11 Women On When They Decided To Seek Help For Their Anxiety

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Anxiety is one of the most common mental health issues to struggle with, but due to the stigma around mental health, many people avoid seeking help for anxiety. But if you're among the 40 million American adults who experience anxiety, you're not alone and help is out there. So, how do you know when your anxiety requires professional help?

"I’d advise anyone who's feeling anxiety and just wishes they could talk to someone about it (other than a family member or a friend) to reach out and give therapy a try," practicing psychologist and Harvard lecturer Holly Parker, PhD, author of If We're Together, Why Do I Feel So Alone?, tells Bustle. "A therapist is sworn to secrecy about virtually everything and is there to work with you as you focus on yourself, what you’re feeling, and how to address it. At minimum, it’s a wonderful and healthy place to learn more about oneself and grow. And if the anxiety is feeling very distressing and hard to manage, or if it’s getting in the way of your ability to enjoy your life or do the things you want to do, then I’d also say it would be a good idea to reach out to a therapist. Effective, caring support is out there."

If you're wondering if your anxiety could benefit from professional help, here's how some women decided to seek help for theirs.

1. Kathryn, 30

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"When I was 28 and my world began slowly closing in and crashing down around me — even though everything was going well.

I remember lying in bed one afternoon that summer, looking out the window, and wondering what the point of being in the world was. I felt as if I had no purpose and no desire to find one — it was hard enough to just breathe. That’s when I decided to get help."

2. Jennifer, 42

"In my late 20s, I was experiencing a lot of stress at work. In retrospect, it was much more than I was letting on. One evening, I was on the highway going to visit my parents when all of sudden I felt a shortness of breath, my mouth went dry, and I realized I needed to pull over to collect myself. That was my first experience with a panic attack. I still couldn't tell you what I was thinking about before it came on, but it led to some pretty serious driving anxiety for quite a few months.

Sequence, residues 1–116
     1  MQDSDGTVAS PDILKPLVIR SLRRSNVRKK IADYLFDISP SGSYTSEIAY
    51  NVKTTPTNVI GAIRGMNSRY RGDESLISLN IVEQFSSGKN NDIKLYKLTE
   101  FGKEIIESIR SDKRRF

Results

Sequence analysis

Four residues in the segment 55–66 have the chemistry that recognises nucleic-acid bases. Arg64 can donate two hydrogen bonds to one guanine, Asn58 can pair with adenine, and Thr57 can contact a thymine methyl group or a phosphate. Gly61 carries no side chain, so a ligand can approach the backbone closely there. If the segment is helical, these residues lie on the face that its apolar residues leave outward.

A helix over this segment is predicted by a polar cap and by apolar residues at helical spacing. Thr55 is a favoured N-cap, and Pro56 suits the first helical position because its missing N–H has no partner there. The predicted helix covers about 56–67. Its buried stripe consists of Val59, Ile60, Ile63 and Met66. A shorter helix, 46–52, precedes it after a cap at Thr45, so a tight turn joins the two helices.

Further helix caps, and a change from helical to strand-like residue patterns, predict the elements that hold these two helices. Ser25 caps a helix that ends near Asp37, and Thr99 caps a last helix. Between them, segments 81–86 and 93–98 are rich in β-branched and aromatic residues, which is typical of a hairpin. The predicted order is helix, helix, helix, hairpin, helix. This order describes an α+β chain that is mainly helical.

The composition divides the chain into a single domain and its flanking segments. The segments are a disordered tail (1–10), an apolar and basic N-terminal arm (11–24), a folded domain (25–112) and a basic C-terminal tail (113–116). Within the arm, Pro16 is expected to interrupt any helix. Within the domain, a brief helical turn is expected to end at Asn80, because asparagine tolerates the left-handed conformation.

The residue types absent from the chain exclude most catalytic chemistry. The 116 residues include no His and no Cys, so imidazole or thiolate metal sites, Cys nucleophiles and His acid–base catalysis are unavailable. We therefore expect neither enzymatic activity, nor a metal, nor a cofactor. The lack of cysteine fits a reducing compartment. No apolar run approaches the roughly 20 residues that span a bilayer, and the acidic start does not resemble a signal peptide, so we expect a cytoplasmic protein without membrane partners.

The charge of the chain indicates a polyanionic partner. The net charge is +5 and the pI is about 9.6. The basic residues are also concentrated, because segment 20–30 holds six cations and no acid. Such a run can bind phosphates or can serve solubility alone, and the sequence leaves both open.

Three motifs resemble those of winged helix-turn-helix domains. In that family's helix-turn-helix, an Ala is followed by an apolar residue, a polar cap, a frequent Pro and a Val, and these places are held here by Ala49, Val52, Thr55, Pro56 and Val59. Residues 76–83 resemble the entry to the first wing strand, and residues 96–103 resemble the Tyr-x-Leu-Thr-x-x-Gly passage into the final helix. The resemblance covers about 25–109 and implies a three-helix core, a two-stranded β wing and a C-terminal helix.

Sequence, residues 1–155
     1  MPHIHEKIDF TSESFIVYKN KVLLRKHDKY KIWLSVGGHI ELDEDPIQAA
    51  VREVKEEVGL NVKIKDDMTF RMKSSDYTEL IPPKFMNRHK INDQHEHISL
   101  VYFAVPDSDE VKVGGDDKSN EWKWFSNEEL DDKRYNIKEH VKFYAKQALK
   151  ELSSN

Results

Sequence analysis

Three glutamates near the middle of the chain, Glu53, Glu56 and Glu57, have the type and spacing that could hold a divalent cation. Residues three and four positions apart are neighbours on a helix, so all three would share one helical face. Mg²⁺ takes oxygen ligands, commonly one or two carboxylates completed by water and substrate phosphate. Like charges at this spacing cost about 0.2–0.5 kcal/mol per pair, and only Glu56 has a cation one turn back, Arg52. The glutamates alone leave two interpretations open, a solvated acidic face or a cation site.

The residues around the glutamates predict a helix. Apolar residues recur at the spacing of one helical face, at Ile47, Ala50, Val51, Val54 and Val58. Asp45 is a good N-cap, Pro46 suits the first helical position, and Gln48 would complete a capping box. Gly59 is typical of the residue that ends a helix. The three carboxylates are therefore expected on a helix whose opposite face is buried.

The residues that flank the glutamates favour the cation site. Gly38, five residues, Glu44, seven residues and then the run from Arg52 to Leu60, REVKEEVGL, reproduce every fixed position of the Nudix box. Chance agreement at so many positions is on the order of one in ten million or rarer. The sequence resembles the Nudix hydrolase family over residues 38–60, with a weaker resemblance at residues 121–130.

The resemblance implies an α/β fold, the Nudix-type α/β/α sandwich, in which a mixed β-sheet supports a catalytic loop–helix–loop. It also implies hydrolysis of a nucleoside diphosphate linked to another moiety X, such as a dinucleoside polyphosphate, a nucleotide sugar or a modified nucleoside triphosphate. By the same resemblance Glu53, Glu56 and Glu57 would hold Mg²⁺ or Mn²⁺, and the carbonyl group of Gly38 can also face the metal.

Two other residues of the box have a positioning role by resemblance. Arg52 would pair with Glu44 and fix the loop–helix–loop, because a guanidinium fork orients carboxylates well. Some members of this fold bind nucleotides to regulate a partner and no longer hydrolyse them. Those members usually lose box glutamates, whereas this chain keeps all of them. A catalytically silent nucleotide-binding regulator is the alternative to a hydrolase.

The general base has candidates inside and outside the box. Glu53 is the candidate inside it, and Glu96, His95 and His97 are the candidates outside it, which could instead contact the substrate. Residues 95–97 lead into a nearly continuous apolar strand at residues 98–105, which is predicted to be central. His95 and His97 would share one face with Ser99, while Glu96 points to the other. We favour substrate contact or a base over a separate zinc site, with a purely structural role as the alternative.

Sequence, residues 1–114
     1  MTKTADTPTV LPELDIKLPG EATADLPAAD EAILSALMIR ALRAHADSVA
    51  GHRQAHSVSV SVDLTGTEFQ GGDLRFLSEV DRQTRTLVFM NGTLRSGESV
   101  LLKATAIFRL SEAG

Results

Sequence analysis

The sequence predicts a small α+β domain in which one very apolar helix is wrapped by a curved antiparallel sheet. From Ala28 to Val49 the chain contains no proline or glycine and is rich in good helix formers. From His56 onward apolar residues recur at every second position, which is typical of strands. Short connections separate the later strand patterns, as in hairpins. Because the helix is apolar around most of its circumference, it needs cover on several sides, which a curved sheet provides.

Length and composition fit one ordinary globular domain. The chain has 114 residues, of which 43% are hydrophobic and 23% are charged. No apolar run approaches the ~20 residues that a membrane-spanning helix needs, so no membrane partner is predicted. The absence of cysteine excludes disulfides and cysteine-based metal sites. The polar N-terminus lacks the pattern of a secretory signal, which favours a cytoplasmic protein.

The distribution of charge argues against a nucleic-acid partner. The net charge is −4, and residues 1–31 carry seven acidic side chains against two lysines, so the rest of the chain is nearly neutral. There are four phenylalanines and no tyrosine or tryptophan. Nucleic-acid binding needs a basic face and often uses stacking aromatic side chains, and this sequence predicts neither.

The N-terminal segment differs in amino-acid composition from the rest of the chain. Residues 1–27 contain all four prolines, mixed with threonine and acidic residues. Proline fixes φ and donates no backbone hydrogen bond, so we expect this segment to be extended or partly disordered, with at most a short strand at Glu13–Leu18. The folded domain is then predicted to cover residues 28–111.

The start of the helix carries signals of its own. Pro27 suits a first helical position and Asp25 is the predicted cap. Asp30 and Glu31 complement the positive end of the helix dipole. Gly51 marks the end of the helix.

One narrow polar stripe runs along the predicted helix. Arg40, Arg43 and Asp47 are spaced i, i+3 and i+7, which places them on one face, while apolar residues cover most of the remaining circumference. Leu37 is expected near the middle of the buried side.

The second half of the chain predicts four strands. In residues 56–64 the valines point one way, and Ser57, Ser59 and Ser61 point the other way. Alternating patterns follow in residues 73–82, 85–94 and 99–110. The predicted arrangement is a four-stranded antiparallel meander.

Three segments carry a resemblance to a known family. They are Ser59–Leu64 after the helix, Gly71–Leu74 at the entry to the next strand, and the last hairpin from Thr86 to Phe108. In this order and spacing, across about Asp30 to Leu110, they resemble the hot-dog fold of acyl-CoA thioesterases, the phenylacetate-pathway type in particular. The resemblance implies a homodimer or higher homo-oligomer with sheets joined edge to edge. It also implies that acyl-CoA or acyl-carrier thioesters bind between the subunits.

At first, I tried to ignore it, but ignoring your subconscious that is trying to protect you in a fight or flight moment only makes it worse. I have always been a strong, independent woman, so I finally realized I needed to get help and found a wonderful therapist who did not put me on drugs but rather taught me the benefits of yoga and meditation.

In the end, this put me on a path of not only overcoming my anxiety, but [becoming] a life coach helping other high-achieving women own their power and live the life they deserve. For a lot of women like me, we were brought up to know that we can be ANYTHING we want in life. Somehow along the way, this anything became EVERYTHING, which often leads to overwhelm and, in my case, anxiety."

3. Jenny, 24

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"About a month ago, I was on my way to work, a lengthy two hour commute to my downtown Los Angeles office, when I was overcome with heat, shortness of breath, nausea, and panic. I pulled off the freeway to what I can only describe now as the mecca of Hollywood — a Denny's restaurant with an open, FREE parking spot and public restroom. I paced back and forth on the gravel, attempting to control my breaths, stop the tears from rolling down my red cheeks, and eventually try to understand what just happened to me. I've made this drive for almost 10 months, Mon-Fri, and the only thought in my mind now is will I ever be able to get in the driver's seat again?

There are real problems in the world, so what am I so anxious, sick and, worried about? I'm not so sure of that answer yet, but I am currently seeking treatment. In 2011, I was able to delay college by a semester, miss a couple classes when it got bad, and take the summer off when I was so overwhelmed and needed to find myself again. But now, I'm an adult living with anxiety — and in that Denny's parking lot, I realized that I was in a position of great risk.